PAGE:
"According to Cassidy (2002) all speculative bubbles go through four stages: 1) displacement, when something changes people’s expectations about the future; 2) boom, when prices rise sharply and skepticism gives way to greed; 3) euphoria, when people realize the bubble can’t last but they want to cash in on it before it bursts; and 4) bust, when prices plummet and speculators incur great losses. "
So where does Gartner currently see Big Data fitting into the Hype Cycle?
According to the following, it is sliding down "Hype of Inflated Expectations":
And actually, there are a couple of facts that back up Gartner's claim. As I discussed in a previous blog post, Forrester cites data woes as continuing problem. For big data to be effective, the underlying data has to have "veracity" (i.e. as per the definition). The more market driven, perhaps, is the fact that InfoWorld reported, citing a survey from Foote Partners, that "[p]remium pay for 58 big data-related skills and certifications declined by an average of 4.7 percent during the last nine months of 2014". More to the point InfoWord notes "there are signs of a slowdown as businesses learn that jumping into big data is not a recipe for instant ROI".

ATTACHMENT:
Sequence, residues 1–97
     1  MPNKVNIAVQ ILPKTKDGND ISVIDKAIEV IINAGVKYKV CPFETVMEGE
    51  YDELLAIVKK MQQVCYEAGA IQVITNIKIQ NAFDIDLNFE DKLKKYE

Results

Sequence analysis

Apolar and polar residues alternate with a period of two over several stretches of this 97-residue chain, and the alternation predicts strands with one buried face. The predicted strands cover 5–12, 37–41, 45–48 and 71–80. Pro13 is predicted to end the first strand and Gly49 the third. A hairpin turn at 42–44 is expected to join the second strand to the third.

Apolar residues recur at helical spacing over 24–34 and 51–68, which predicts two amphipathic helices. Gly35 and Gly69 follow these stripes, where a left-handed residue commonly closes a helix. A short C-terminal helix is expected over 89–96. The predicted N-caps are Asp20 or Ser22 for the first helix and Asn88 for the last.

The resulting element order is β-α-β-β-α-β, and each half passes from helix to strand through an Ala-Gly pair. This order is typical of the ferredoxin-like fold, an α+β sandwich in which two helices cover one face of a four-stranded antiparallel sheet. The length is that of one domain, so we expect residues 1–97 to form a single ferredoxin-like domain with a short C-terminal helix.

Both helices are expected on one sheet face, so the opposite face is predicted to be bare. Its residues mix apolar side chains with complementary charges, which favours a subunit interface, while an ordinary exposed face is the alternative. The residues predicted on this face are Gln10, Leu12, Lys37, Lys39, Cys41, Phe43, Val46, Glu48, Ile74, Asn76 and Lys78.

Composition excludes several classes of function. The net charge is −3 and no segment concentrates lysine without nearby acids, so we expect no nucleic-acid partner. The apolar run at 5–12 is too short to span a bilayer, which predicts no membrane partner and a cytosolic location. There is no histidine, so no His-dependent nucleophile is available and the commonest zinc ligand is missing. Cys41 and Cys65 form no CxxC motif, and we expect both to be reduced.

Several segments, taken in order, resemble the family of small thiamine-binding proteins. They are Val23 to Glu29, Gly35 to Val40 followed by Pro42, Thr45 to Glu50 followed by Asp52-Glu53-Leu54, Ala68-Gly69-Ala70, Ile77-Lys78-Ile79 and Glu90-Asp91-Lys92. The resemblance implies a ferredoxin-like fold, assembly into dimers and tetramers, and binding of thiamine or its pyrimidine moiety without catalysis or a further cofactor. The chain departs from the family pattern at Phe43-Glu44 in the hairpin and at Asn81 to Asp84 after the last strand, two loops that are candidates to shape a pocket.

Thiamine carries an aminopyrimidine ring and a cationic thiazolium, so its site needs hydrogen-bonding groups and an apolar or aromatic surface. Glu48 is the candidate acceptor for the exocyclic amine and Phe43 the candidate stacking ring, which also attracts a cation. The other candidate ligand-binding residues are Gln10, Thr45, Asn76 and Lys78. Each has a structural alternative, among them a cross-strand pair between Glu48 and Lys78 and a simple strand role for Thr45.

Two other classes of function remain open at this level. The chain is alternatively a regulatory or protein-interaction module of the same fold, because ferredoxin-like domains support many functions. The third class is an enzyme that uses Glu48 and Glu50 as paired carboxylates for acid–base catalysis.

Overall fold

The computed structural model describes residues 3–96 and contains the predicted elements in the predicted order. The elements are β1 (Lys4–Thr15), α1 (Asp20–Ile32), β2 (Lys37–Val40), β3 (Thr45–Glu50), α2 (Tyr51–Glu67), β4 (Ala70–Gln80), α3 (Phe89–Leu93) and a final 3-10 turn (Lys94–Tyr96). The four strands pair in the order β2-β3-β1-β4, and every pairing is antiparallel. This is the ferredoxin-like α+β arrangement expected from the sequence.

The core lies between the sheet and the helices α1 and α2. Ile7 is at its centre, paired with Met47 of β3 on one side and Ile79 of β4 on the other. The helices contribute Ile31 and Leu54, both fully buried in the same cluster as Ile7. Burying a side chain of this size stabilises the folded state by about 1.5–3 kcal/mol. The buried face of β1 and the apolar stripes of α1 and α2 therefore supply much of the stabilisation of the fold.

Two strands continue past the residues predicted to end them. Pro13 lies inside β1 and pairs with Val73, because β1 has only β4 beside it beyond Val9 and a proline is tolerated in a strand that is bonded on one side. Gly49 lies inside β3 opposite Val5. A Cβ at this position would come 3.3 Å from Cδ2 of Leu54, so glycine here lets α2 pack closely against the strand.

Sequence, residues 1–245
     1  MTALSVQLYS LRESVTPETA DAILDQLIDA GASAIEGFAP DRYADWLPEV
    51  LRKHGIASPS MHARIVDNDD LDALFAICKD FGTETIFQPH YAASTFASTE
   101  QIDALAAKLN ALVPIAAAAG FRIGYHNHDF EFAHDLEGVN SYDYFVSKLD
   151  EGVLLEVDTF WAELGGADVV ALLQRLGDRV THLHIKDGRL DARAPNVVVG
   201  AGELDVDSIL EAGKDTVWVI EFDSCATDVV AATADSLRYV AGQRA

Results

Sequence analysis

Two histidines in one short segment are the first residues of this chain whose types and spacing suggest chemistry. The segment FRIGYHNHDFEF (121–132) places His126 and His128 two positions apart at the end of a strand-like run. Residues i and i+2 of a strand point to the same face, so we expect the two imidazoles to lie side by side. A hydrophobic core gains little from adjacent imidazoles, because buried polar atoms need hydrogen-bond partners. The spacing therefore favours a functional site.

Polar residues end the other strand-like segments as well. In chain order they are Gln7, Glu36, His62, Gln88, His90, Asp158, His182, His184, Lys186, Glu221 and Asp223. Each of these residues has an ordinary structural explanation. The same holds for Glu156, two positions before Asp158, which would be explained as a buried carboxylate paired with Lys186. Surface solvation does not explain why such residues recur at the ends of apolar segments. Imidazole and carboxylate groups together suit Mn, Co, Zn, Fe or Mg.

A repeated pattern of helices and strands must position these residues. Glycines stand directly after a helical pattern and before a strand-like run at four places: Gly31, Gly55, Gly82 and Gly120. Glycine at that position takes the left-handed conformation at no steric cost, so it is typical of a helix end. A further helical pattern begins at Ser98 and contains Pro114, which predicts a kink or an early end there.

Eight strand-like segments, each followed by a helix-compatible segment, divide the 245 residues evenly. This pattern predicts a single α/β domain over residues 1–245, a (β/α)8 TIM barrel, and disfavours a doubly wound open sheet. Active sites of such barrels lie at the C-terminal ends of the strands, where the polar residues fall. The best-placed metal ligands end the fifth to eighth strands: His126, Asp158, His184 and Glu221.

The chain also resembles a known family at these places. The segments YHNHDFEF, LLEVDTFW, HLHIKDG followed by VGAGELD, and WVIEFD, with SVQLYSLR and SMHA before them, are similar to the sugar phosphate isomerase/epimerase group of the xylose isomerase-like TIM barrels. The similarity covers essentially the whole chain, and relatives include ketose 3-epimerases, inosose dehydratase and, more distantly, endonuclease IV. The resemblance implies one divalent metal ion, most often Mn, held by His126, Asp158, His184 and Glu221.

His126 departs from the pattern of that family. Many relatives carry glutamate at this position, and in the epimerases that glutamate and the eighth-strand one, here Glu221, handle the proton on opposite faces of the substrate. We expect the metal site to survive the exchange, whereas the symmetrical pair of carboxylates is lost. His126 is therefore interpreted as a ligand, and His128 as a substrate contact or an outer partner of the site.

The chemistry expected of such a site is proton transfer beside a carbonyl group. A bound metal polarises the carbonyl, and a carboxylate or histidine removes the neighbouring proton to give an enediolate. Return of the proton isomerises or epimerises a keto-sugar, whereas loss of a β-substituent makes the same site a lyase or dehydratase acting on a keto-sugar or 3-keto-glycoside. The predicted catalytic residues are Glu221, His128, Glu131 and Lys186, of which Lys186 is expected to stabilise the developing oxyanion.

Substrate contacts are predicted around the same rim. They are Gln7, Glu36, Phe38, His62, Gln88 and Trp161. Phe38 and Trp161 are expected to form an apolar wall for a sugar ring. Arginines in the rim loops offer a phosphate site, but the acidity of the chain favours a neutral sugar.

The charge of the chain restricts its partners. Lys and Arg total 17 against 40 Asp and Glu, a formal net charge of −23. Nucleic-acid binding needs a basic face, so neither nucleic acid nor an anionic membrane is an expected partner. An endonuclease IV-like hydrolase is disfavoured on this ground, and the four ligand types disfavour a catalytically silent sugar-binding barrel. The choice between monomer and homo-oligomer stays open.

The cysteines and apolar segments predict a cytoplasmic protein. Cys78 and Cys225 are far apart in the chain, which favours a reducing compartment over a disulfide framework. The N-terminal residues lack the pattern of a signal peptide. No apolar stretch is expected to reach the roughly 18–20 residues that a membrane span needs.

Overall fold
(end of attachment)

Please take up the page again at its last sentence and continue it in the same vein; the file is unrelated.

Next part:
These factors illustrate how the Gartner Hype Cycle is useful for organizations to identify the current state tech trends to identify when is the right time for that organization to invest in the technology in order to minimize risk of the "bleeding edge" of early adoption but at the same time avoiding the risk of joining the party too late - being taken over by competitors.